Researchers at the Queen Mary University of London developed and tested an algorithm that detects familial hypercholesterolemia. They named the algorithm 'FAMCAT', designed exclusively to detect familial hypercholesterolemia in young people.
The study is an observational cross-sectional one and is based on the urban population.
Familial hypercholesterolemia is a condition in which low-density lipoprotein (LDL) levels elevate in the blood. The complications related to this disorder include atherosclerosis and heart disease at an early age. It is a genetic disorder that affects 320,000 people in the UK.
The researchers retrospectively applied the 'FAMCAT' (Familial Hypercholesterolemia Case Assertation Tool) algorithm to patients' data in primary care aged 18-65 years. The data included blood test results and family history, the indicators of likelihood to have FH.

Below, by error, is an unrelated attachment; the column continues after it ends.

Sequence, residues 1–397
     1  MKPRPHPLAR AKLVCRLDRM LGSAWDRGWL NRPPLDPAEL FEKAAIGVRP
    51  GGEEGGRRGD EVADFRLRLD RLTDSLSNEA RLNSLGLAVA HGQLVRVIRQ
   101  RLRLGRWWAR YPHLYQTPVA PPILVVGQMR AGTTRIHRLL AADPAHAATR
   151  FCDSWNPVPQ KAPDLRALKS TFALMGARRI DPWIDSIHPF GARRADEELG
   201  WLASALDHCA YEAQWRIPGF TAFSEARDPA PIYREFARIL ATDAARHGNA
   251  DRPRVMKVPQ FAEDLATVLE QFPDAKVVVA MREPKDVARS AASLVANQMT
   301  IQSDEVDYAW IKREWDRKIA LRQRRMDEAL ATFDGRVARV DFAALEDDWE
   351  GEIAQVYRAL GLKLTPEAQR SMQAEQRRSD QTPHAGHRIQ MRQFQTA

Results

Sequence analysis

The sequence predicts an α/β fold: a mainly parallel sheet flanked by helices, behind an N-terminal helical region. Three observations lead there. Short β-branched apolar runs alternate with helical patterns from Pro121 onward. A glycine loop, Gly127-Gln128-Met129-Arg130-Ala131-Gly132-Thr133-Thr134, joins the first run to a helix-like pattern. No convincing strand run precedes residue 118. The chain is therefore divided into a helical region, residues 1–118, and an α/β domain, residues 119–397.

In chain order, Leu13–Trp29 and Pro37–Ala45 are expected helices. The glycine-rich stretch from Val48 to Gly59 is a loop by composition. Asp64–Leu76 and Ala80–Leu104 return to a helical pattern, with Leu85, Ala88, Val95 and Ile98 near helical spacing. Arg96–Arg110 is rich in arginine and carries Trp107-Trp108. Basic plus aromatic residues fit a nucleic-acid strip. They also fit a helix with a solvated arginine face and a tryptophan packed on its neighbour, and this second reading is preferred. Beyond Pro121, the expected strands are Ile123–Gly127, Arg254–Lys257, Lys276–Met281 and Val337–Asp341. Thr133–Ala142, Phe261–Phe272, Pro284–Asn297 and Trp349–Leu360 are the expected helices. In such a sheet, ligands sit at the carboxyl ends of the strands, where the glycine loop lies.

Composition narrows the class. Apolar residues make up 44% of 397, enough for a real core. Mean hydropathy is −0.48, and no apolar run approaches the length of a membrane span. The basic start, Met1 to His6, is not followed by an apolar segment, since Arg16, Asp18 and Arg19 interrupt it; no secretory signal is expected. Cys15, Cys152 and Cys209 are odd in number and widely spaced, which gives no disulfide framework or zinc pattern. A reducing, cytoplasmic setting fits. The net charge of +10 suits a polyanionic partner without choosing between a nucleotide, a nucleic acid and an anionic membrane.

Out of the 777,128 participants, 1.5%-3.1% individuals were likely to have FH. The algorithm generated a list of people who showed a higher likelihood to develop Familial Hypercholesterolemia. These people can be evaluated by General practitioners at first and then assessed by genetic testing.
"It is unclear whether the algorithm performs equally well at detecting FH in different ethnic groups. We are now planning further research with east London data to investigate this," John Robson added.